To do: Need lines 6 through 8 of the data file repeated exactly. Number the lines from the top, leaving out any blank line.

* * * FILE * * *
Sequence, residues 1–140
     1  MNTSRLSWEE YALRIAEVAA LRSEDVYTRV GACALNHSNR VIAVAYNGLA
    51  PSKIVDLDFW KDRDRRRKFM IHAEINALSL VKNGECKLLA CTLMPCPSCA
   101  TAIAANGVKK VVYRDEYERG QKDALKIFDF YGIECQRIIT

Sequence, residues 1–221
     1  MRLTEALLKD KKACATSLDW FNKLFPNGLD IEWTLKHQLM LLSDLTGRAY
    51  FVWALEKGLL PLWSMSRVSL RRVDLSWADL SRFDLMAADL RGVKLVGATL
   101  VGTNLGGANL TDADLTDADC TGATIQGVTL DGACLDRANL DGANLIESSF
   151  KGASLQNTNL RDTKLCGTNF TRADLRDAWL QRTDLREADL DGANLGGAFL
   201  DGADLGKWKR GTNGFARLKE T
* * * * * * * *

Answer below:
     1  MRLTEALLKD KKACATSLDW FNKLFPNGLD IEWTLKHQLM LLSDLTGRAY
    51  FVWALEKGLL PLWSMSRVSL RRVDLSWADL SRFDLMAADL RGVKLVGATL
   101  VGTNLGGANL TDADLTDADC TGATIQGVTL DGACLDRANL DGANLIESSF